By Jonathan Luxmoore
An elderly nun whose head was crushed with a boulder during Spain’s 1936-1939 Civil War is to be beatified as a martyr with 26 male Dominicans in Seville cathedral.
“Showing an extraordinary adherence to the faith and forgiveness for their killers, these martyrs met a premature, inhuman death — they can now rejoice in the glory of eternal light,” Spain’s Dominican order said in a statement.
“The sociopolitical situation that arose in Spain before and during the war period is historically known, as is the climate of persecution that republican militiamen exerted against all professing membership of the Catholic Church, whether consecrated or lay. This was the context, poisoned by ideological prejudice and psychological and physical violence.”
The statement was published ahead of the June 18 beatification of Sister Ascensión de San José (1861-1937) and three groups of Dominicans martyred during the four-year conflict.
It said the nun had been noted for a “childlike simplicity and innocence that enchanted everyone” after joining the Huéscar convent from a large farming family. It added she had suffered lifelong ill health “with great patience and love.”
The statement said she fled the convent with 13 other nuns when it was looted in August 1936, but was arrested, age 76, the following February for wearing a crucifix. Refusing calls to blaspheme in the town hall dungeon, Sister Ascensión had her head crushed at Huéscar’s cemetery by jeering militia, who shot other prisoners at the same time.
A group of Dominicans at Almagro were beaten by republicans while attempting to save their Madre de Dios church from being burned in July 1936, just days after fighting began against the army of Gen. Francisco Franco.
Though offered safe conduct by the town’s republican mayor, several were shot during the evacuation by train to Cuidad Real, while others were taken from Manzanares prison and executed at the local cemetery.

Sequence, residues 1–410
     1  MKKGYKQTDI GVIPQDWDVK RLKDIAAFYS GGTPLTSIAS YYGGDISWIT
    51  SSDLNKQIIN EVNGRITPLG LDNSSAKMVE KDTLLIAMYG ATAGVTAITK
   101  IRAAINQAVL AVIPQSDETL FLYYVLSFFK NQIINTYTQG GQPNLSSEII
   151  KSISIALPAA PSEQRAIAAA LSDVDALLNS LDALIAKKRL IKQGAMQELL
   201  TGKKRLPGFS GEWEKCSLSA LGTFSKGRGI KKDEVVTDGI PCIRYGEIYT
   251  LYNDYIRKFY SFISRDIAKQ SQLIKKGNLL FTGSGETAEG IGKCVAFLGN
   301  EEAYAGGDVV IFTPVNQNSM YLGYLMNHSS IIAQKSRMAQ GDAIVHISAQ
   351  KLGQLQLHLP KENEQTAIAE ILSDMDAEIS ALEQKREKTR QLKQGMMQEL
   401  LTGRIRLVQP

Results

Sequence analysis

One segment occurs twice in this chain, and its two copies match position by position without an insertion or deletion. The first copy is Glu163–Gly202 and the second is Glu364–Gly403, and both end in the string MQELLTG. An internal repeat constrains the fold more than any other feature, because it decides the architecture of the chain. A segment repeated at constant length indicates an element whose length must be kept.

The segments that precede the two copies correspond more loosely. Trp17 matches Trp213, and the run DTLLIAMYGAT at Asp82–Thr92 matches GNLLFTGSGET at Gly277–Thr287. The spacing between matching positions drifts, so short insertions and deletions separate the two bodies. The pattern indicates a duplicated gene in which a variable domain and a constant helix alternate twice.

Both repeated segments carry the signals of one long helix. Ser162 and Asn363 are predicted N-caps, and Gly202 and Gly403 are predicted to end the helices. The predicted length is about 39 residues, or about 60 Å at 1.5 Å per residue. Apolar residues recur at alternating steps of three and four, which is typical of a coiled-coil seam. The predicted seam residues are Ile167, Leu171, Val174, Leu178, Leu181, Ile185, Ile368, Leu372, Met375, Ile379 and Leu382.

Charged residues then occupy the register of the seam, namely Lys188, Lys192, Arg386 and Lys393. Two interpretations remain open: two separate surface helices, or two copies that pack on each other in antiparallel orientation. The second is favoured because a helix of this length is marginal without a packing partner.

Dominicans from Almería’s forcibly closed Sanctuary of the Virgin of the Sea were rounded up while sheltering with family members and shot in two batches after torture in local prisons.
“The only reason for their death sentence, imposed without any trial, was their status as Christians and consecrated persons,” the Dominican statement said.
“Unjustly and arbitrarily identified as ‘enemies of the people,’ their physical elimination was preceded by acts of desecration and insult intended to create a climate of terror across the population.”
More than half the Dominicans were in their 20s, including Santander-born novice Sebastián Sáinz López, who was 21 when shot, and Fernando García de Dios, a former altar boy, who was 20.
The oldest, 62-year-old Father Natalio Camazón Junquera, who had studied theology at Salamanca and ministered as a catechist in Seville and Cádiz, was unable to preach and hear confessions because of deafness and had run the order’s Santísimo Rosario publishing house.
The martyrs include a married lay Dominican and father of four, Fructuoso Pérez Márquez, a noted journalist on newspapers in Almeria and Madrid, who was arrested at home in July 1936 and taken to a prison ship, before being shot and buried on La Garrofa beach.
The June 18 Mass, which was to be celebrated by Cardinal Marcello Semeraro, prefect of the Dicastery for the Causes of Saints, will bring to 2,112 the total of Catholic martyrs beatified or canonized from the Spanish Civil War, which saw 2,000 churches destroyed and up to 8,000 clergy killed, along with tens of thousands of lay Catholics.